Whose memoir have you recently read that you found most intriguing? Why?
Just finished reading The Glass Castle and Half Broke Horses both memoirs by Jeanette Walls. Very intriguing because her experience of growing up in an extremely dysfunctional family was heartwrenching, yet she told the stories in a way you could feel empathy for her parents. The book Half Broke Horses is about her maternal grandmother and it is just so amazing the adventures that woman had growing up in the West during the early part of the 20th century. I was astounded at how late modern conveniences came to the west.
If you haven't read these memoirs I highly recommend!
I read alot of celeb bios but I have to say Shania Twain. You could never tell by looking at her, but she's been though alot. Not only is she an inspiration for dreams coming true but also staying true to yourself no matter what others say. I thought I was a fan before but I definitely am now.
I just read Diane Keaton's autobiography. It was interesting because it was also her mother's biography.
http://www.amazon.com/Then-Again-Diane- … amp;sr=8-1
The most recent memoir for me was Larry Flynt the founder of Hustler magazine. He literally went from nothing to being a successful entrepreneur. I don't agree with how he did it, but he did it. An attempted assassination in 1978 left him paralyzed from the waist down, but he just keeps on ticking.
Univited Writer, very interesting about Diane Keaton and her mother I didn't know that.
It's been a while since I read it, but Jacque Pepin's "The Apprentice: My Life in the Kitchen" is one of my all time favorite memoirs. I love to cook and he is my favorite chef so I was hoping the book wouldn't disappoint. It exceeded my expectations and I gained even more respect for his accomplishments, not only as a chef, but as a person. He grew up in the world of food in France, learning from his mother, who was a cook in a restaurant, and then he apprenticed under many famous chefs there. But he did not go to culinary school like so many of the modern chefs do and the stories he tells about how he learned, the people for whom he cooked, and his eventual emigration to America is fascinating. His writing style is perfectly pitched and totally unpretentious. He is really a very humble man. Just recalling it as I'm writing this summary makes me want to read it again. I recommend this to anyone who is into food, cooking, or just enjoys a good memoir.
My Life so Far by Jane Fonda, because she has lead an interesting life and she is very open.
Recently, I have read a host of autobiographies/ memiors the most enlightening was " Because I Remember Terror Father, I Remember You" about the life of Susan Silverman who by the way has a website with lists of memoirs, mostly about people who have suffered under the human condition. Susan was a vicitim of child abuse and incest.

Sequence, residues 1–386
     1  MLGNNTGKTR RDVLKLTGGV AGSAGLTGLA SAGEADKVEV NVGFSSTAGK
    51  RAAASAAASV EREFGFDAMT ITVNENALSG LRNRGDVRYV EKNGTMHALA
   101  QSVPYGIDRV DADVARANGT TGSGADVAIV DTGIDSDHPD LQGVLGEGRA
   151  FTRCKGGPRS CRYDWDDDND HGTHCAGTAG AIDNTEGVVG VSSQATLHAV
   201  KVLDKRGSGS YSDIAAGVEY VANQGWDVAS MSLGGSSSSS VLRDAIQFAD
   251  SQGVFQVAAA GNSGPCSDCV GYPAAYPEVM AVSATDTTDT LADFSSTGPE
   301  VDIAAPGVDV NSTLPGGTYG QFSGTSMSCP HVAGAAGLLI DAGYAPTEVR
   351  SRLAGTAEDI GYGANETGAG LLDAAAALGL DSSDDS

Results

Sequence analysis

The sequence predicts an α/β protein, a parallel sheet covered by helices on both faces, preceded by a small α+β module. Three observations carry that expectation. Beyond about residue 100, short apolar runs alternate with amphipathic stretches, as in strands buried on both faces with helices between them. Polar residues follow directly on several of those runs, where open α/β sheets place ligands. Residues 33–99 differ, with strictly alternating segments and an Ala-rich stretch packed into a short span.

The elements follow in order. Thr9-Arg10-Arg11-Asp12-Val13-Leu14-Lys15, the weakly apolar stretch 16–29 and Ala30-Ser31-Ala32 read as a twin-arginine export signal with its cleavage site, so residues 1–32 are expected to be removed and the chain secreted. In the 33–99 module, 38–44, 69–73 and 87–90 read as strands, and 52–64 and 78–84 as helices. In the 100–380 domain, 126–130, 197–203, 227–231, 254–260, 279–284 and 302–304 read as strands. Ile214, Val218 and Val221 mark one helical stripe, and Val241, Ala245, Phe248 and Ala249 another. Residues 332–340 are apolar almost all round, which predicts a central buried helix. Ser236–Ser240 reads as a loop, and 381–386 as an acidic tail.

Whip Smart: My Life as a Dominatrix by Melissa Febos. I find memoirs about people who lead double lives very interesting. She led a secret life as a dominatrix. Febos initially began this line of work to support a drug habit while going to college.
Febos graduated from college with straight A's and a prestigious internship. NPR did an interview with Febos, which you can find at http://www.npr.org/2010/03/08/124369913 … dominatrix
This isn't a read for the squeamish or faint of heart. There is a lot of vivid detail about some of the acts in which she participated while working in a dungeon.
"Reconciliation" Benzir Bhutto.....who was the leader of the "People's Party" (democratic-socialist) of Pakistan, which had been founded by her father, the late Zulfika Ali Bhutto, at one time, Prime Minister of Pakistan. Benazir herself, was the 1st woman to head a Muslim State when she served as Prime Minister from 1988-1990 and again, from 1993-1996. After an 8 year exile, Benzir returns to her homeland that she loved, with dreams and intentions of changing what had become a dictatorship, with her people suffereing egregiously, back to a form of the Democracy they had known under her father and herself. Benazir was assassinated on Dec. 27th, 2007. This woman impressed me beyond words. She was a brilliant scholar, wife, mother, political figure and the bravest woman I have ever read about.
TUPPENCE TO CROSS THE MERSEY. HELEN FORRESTER
A fairly well off family come down to earth with a thud when their reckless parents go bankrupt.
I read this book again recently. It has a hold on you that is not easy to loosen. The story is of a deprived childhood; a young girl forced to be a nanny to her siblings by her thoughtless parents. Told with no bitterness, this heart-wrenching story is incredibly sad but equally uplifting. A triumph over adversity. Beautiful writing and an engrossing story make it a must read, for me anyway.
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